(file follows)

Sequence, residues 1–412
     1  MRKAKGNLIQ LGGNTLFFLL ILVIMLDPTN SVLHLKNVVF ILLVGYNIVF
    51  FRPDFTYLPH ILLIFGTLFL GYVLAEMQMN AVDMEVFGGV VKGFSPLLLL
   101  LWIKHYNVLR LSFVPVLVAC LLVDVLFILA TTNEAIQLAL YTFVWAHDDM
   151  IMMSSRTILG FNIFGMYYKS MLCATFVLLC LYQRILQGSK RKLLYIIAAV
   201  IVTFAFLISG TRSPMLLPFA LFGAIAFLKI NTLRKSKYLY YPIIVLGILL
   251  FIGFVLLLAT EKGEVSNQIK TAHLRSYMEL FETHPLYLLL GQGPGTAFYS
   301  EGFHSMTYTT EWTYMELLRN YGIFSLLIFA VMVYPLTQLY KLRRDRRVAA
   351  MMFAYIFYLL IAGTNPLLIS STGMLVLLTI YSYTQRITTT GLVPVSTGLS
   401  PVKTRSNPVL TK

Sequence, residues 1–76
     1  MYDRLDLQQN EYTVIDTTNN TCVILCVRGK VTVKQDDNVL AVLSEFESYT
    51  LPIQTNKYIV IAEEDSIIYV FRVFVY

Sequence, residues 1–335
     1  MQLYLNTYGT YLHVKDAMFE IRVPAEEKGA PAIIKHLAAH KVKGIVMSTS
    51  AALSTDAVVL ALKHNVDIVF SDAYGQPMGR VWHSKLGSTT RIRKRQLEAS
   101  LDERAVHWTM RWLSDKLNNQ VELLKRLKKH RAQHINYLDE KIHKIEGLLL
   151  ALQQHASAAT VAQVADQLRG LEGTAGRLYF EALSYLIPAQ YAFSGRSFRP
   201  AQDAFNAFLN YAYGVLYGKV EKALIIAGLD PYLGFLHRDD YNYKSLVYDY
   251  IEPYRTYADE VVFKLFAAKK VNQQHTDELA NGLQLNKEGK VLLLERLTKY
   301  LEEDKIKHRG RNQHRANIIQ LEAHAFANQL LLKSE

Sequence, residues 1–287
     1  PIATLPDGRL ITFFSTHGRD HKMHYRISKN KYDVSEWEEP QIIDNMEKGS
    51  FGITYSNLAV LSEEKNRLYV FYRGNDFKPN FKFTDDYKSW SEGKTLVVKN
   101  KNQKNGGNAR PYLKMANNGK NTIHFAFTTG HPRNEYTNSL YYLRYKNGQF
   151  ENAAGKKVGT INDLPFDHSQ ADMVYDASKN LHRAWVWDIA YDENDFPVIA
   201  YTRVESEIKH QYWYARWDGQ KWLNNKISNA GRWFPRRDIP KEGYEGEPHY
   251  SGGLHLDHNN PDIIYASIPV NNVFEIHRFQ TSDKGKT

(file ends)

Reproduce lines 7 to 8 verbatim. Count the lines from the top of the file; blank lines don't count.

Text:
   251  FIGFVLLLAT EKGEVSNQIK TAHLRSYMEL FETHPLYLLL GQGPGTAFYS
   301  EGFHSMTYTT EWTYMELLRN YGIFSLLIFA VMVYPLTQLY KLRRDRRVAA